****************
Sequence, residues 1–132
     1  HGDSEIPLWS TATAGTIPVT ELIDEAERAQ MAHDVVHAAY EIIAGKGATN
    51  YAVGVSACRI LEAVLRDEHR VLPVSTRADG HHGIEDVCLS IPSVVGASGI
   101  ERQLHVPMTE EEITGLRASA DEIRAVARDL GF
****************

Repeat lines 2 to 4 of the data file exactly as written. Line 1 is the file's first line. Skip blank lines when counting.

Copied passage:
     1  HGDSEIPLWS TATAGTIPVT ELIDEAERAQ MAHDVVHAAY EIIAGKGATN
    51  YAVGVSACRI LEAVLRDEHR VLPVSTRADG HHGIEDVCLS IPSVVGASGI
   101  ERQLHVPMTE EEITGLRASA DEIRAVARDL GF